A Trail in Two Countries

Years ago I traveled the sands of Saudi Arabia, stopping along the way to tour the  old camel train forts.

I visited these caravanserai along the Hejaz Railway, the line targeted by T.E. Lawrence and the Arab Revolt against the Ottoman Empire during World War I. My journeys between 2003-05 took me north from Jeddah through the remains of the Nabatean civilization and ultimately to Jerusalem via Petra and Amman, in Jordan.

My latest camel-train find—Khabha Fort—sits along India’s Spice Road. Unlike the Turkish Fort in Western Saudi Arabia, this caravansary fronts one of over 80 abandoned villages.

According to our guide, the Brahmin residents of Kuldhara abandoned their homes more than two centuries ago over caste differences with a local warrior king who’d set his sights on one of their daughters. Rather than submit to inter-caste marriage, the community (and  80 or so other village communities) fled.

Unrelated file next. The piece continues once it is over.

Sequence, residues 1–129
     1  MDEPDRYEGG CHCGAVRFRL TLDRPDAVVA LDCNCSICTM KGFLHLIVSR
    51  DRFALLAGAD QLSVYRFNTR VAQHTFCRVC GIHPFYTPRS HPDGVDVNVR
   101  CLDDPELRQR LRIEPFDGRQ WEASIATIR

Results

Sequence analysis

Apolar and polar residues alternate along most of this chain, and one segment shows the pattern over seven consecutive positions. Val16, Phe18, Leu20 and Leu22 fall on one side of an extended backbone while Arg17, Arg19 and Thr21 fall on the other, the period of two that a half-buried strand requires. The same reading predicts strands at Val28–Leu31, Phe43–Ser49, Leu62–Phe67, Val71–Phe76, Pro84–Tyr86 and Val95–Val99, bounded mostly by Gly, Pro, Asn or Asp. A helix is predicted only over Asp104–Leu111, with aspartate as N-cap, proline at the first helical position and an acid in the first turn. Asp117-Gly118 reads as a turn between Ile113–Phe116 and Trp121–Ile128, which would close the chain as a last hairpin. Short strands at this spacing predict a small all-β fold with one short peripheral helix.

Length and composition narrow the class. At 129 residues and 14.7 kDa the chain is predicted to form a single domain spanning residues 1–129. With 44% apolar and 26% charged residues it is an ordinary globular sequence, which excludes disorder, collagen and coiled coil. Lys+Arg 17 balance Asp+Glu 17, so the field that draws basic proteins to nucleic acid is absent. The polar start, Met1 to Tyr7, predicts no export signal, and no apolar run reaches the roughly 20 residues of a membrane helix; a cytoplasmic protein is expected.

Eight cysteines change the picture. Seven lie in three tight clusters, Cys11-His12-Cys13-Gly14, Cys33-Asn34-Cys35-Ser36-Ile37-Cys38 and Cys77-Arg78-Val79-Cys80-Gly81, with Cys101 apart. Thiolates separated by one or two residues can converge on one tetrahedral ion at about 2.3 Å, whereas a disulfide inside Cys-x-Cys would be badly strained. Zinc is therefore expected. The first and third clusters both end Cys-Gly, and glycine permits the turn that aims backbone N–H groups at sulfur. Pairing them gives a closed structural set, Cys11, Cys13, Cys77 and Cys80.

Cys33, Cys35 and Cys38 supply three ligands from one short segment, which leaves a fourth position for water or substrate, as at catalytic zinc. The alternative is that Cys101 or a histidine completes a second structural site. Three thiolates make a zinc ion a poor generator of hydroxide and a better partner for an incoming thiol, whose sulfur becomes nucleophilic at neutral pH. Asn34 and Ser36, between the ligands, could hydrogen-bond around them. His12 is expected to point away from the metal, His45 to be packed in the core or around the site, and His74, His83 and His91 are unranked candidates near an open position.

Other explanations for the abandonment include water issues (desecration of wells, sudden loss of water) and geology, like an earthquake. Whatever the reason, this caravansary now overlooks spectacular emptiness.

Kuldhara view from Khabha

That emptiness exists, too, in the sands around the Arabian Peninsula’s Nabatean ruins. The desert there is empty (except for the tourists, and Harrison Ford’s crew filming the third installment of The Raiders of the Lost Ark in Petra).

Another difference between the Hejaz Railway and India’s Spice Road lies in the question of abandonment. Where Kuldhara is deserted, their Arab counterpart seems to have left one set of earth homes behind, only to find life nearby in the oasis at Al Ula.



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